"There's an old adage — 'Don't give me my flowers when I'm gone, let me have them while I'm here' — and I think no matter where he went or the situation, the students and the community always showed love to Mr. Summerville," Williams said. "He knew he was loved."

A native of Crosset, Ark., Mr. Summerville had been a staple in this community since he arrived as a graduate student in the mid-1960s to play tuba in the Marching Illini. He taught music at Robeson, Marquette and Bottenfield schools in Champaign and later in Urbana at Brookens Junior High, Urbana Junior High and Urbana High until his "retirement" in 2005.

Mr. Summerville then served as an adjunct instructor at the UI, teaching classes on African-American sacred music. And in addition to his 50 years at St. Luke's, Mr. Summerville also directed Canaan Baptist Church's adult choir.

His wife of 48 years, Valerian, died in 2014. They had two sons, Derrick and Willie M., and a daughter, Shandra.

He brought 'harmony'

Joe Hampton, a 1998 Urbana High graduate, wrote a lengthy tribute to Mr. Summerville on his Facebook page, recalling the one time he saw the music teacher without a smile on his face.

Another student had referred to a classmate by a racial slur and Mr. Summerville used the moment to teach a lesson about language and race while quickly bringing joy back to the classroom.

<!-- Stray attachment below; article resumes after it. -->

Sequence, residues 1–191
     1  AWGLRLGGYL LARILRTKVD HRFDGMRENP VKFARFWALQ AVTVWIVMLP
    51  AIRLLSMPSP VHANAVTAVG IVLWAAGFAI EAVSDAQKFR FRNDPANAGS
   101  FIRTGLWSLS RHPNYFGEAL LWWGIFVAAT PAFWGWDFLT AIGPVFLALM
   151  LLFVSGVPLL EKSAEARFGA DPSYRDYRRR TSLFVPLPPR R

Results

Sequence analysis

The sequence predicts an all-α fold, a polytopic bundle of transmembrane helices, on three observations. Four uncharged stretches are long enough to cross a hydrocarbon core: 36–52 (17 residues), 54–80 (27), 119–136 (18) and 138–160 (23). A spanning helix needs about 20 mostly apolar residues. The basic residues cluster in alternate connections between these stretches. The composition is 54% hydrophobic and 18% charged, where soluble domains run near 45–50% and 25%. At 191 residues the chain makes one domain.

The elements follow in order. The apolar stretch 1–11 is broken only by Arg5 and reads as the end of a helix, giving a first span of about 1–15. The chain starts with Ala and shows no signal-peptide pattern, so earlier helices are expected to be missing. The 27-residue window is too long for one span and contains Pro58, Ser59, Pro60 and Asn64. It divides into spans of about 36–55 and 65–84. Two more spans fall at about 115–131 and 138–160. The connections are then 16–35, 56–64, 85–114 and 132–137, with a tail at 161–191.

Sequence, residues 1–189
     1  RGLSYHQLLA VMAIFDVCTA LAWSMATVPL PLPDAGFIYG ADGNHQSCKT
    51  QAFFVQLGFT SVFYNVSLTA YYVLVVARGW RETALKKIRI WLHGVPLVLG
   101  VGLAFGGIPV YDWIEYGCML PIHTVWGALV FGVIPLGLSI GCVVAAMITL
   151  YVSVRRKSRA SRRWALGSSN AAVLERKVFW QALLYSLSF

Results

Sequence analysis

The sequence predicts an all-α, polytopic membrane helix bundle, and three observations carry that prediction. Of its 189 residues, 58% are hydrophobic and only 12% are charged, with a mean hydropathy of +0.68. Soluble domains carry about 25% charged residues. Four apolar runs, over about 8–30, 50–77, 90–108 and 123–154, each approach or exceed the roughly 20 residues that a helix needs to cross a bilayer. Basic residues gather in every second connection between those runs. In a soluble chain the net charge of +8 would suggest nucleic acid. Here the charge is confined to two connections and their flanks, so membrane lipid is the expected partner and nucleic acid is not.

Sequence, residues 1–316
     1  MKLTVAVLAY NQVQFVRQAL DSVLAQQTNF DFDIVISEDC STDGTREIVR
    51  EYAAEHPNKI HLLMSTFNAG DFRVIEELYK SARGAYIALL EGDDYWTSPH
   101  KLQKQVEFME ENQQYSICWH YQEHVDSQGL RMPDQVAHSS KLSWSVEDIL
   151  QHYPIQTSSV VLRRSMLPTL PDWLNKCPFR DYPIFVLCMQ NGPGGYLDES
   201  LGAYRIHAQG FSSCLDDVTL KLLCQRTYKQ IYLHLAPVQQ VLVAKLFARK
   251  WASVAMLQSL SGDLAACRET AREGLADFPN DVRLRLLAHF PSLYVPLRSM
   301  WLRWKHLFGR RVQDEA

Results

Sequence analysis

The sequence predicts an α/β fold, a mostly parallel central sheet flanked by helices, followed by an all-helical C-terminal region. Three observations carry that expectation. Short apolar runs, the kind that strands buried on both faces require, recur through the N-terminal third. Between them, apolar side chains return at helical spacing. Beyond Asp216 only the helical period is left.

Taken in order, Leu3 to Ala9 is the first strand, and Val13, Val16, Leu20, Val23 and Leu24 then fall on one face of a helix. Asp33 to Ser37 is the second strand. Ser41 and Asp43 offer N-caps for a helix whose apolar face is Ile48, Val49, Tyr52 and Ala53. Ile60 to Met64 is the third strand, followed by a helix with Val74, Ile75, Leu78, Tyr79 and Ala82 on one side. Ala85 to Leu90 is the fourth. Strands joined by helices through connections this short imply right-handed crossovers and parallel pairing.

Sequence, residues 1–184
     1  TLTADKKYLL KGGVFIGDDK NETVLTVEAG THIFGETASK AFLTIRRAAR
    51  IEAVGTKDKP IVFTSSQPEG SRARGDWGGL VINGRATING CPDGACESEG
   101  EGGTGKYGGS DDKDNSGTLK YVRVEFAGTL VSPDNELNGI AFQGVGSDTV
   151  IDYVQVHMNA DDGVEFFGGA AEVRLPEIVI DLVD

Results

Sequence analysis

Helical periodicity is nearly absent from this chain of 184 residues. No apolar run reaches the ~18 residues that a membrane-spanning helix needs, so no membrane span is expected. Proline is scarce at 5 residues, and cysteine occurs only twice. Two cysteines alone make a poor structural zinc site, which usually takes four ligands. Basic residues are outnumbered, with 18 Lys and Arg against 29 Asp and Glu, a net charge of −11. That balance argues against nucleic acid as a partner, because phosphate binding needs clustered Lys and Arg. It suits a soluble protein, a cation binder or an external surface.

"What a time to lose him, huh," Hampton wrote. "The world can use some more Willie Summervilles in public places right now."

Harold also shared that one of Mr. Summerville's lasting legacies will be the diversity of his school choirs.

"He was able to unify students from all backgrounds," Harold said. "His choirs were always racially diverse and comprised of people from different backgrounds and he was able to use music and the way he approached life as a way of bringing people together who might not ordinarily find common ground.

"That stands out because at a time right now where we have a lot of discord, Mr. Summerville brought harmony into every environment in which he found himself."

'My guy — Mr. Willie T.'

Hampton recalled Mr. Summerville entertaining with his music at Urbana assemblies and singing his own version of "Happy Birthday" after asking who in the crowd of hundreds was celebrating a birthday around that time.

He also shared the story of Mr. Summerville walking down the line of cars at Prairie Elementary in the 1970s, helping kids and their lost parents make it to class, sometimes imitating the well-known line of "Hey, hey, hey" made famous by Fat Albert "to put at ease the stunned little 5- and 6-year-old kids who didn't know anyone like him."

"He was peace, faith, joy and music," Hampton wrote.

Williams will miss calling Mr. Summerville on the phone and hearing his voicemail greeting of "Jesus loves you!"

Although that one time, it wasn't a recorded message.

"One time, though, he got me because I was waiting for the beep and he was like 'Hello? Preston?' I was waiting for the beep," Williams said with a laugh. "He was a good man, a Christian brother, family man, icon in the community. That was my guy — Mr. Willie T."

The community won't be the same without Mr. Summerville, and neither will that first Monday in February.